Wow, it’s been over three years since we last talked to singer-songwriter, folk punk rocker, workaholic, and engaging storyteller Nate Allen, and his new project Good Saint Nathanael and its therapeutic and poetic debut record “Hide No Truth” made me realize how much I missed such vulnerable, melancholic and self-confessed offerings that go under your skin. Quiet, haunting, emotional, and spiritual, the moving masterpiece was released earlier this month and it documents the troubled and reflective man meanderings that creates an introspective masterwork that sounds like the fullest realization of Nate Allen so far. We’re honored to give you a proper, full presentation of this great work, along with Nate’s commentary on each and every track!
For fans of Tom Waits, Bill Callahan, Pedro The Lion / David Bazan, Damien Jurado, Mount Eerie, Julian Baker, John Prine, Jason Isbell, John Moreland, The Weakerthans / John K Samson, Sufjan Stevens, Wovenhand, Johnny Cash (the heaviness of his later work), Listener, Mewithoutyou, Tom Petty, Rich Mullins, The Hold Steady, The Mountain Goats, Robert Deeble, & Frank Black.
“On Hide No Truth, veteran songwriter Nate Allen wrestles with devastation, spiritual abuse, and personal growth. Choosing to walk through the pain, he emerges with a dark, hauntingly stark folk record about his Christian religious faith experience and its complications. The result is a melancholic, heartfelt, and hard to forget album. In his new project, Good Saint Nathanael, Nate Allen establishes himself as a songwriter to be reckoned with.”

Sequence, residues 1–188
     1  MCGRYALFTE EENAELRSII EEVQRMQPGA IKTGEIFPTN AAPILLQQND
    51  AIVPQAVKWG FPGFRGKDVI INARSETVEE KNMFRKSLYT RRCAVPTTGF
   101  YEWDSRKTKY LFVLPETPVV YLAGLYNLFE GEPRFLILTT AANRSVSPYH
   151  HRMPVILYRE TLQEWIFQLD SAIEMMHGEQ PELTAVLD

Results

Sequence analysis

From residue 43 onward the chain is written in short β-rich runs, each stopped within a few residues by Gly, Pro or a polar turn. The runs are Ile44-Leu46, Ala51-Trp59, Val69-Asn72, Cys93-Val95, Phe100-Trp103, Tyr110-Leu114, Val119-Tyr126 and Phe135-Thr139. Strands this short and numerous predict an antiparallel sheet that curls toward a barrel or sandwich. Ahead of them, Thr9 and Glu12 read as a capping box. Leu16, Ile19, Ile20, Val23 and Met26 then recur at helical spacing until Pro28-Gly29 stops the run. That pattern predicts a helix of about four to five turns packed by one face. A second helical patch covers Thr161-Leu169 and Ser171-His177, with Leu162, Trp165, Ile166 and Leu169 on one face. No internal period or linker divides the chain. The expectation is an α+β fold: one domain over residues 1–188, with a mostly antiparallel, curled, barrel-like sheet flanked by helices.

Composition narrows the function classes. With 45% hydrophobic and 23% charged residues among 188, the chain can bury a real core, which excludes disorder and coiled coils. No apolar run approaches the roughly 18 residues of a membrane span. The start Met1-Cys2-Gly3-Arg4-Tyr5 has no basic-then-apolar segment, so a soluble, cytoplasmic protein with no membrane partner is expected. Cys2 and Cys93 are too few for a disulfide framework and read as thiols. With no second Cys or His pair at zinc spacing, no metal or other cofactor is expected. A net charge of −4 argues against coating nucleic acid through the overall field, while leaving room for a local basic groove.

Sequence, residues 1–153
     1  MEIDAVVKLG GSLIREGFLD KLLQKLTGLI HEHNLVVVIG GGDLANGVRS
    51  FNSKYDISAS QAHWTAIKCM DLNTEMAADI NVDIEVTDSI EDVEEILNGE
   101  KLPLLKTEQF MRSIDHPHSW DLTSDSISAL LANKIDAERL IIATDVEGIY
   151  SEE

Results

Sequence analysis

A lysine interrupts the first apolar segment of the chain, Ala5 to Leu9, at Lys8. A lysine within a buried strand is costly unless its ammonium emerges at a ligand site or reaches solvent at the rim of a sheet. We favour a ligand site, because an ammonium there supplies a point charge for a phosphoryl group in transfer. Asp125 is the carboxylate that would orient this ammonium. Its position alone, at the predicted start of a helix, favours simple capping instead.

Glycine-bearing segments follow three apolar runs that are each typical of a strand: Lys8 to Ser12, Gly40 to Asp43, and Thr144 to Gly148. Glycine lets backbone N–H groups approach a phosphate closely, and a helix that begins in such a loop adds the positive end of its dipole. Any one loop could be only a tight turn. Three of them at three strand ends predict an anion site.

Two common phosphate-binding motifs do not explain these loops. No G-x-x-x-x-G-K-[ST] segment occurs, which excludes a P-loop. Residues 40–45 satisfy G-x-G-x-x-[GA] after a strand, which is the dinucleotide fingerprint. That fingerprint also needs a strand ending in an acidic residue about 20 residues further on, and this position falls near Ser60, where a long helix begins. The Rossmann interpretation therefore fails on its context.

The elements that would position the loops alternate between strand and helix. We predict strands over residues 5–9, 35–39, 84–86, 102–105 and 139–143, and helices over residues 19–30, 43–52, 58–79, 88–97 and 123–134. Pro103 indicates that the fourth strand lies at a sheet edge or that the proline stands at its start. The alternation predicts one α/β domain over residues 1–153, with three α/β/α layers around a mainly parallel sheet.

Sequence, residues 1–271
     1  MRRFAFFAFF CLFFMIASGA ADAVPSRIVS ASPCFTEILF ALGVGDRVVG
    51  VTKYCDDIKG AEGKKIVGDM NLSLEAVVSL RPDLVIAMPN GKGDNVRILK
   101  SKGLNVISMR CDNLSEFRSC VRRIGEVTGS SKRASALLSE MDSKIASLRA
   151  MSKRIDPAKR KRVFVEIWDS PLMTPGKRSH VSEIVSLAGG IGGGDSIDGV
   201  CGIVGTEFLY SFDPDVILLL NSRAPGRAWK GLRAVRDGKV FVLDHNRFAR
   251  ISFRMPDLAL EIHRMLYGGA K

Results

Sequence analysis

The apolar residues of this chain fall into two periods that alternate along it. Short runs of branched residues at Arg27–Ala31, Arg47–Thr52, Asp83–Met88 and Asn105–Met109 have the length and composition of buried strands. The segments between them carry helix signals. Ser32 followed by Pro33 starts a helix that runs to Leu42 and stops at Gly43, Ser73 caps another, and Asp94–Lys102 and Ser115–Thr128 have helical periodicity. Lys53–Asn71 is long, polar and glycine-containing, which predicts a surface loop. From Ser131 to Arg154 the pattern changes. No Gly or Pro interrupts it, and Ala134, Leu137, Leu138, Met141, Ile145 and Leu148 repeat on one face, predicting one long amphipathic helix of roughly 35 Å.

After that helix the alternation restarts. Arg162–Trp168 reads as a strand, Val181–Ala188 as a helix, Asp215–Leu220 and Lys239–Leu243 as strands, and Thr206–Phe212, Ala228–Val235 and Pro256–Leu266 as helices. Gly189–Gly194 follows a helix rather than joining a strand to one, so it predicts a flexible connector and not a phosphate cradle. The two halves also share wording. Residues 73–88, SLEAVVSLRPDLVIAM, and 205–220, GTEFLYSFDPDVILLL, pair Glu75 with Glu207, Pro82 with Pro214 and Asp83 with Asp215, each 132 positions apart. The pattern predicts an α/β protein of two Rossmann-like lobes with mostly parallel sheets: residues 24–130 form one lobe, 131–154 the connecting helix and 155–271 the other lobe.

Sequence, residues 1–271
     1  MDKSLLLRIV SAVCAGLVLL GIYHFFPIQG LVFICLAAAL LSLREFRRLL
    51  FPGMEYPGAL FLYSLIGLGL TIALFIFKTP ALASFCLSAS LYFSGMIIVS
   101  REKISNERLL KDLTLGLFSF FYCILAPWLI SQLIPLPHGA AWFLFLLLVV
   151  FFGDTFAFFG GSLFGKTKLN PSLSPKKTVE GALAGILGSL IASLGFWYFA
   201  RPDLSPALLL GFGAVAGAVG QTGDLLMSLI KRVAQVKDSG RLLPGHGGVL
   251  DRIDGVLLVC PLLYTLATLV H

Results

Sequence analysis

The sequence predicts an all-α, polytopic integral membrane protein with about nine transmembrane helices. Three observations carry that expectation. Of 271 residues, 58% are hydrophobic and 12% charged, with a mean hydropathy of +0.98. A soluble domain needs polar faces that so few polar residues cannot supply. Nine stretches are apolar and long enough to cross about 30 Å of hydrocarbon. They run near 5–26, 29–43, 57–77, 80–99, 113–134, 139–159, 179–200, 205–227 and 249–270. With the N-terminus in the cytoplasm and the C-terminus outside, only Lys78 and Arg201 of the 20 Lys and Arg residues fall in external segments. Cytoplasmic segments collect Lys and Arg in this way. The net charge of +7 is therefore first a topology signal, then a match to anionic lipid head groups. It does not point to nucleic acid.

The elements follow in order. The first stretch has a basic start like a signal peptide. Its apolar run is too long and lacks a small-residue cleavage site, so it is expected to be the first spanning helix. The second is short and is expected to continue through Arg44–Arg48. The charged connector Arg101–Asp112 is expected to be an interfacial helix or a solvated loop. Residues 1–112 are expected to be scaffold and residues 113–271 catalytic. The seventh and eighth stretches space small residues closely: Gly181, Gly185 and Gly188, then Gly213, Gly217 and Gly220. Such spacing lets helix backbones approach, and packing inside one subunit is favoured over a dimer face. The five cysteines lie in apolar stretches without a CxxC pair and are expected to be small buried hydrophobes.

It’s been a harrowing and terrifying process to birth this album but so far people seem to connect deeply with it.
With his new project Good Saint Nathanael, Nate Allen is turning to face his demons leading with a rare-disarming vulnerability. On Hide No Truth (available on Feb. 1st), the harder Nate looks at himself in the mirror, the more humanity reveals its bitter, beautiful complexity. The nine songs on Hide No Truth find Nate stripping back his sonic pallet to reveal stark, memorable, acoustic songs full of detail and intention. In what is a cathartic move towards self-choice, honest art and emotional health, Nate uses religious language to explore human vulnerability and his own broken Christian religious experience.
Hide No Truth was recorded and mixed by Jon Terrey (Listener, The Chariot). Then Nate assigned different friends to add whatever their vision of “noise” was to each track, further adding to the haunting soundscape. Lastly, the record was mastered by Jim Demain at Yes Master Studios (John Prine, Frank Black, June Carter Cash).
1) Everything That’s Lost
“Everything That’s Lost” is filled with longing, regret, hopes, and wishes. Most people I know would like to clean up some of their family history. This song walks the fine line between focusing intently on the past and longing for a better future. My dream is that perhaps all the subconscious pain we all carry around causing us to hurt each other will one day be resolved.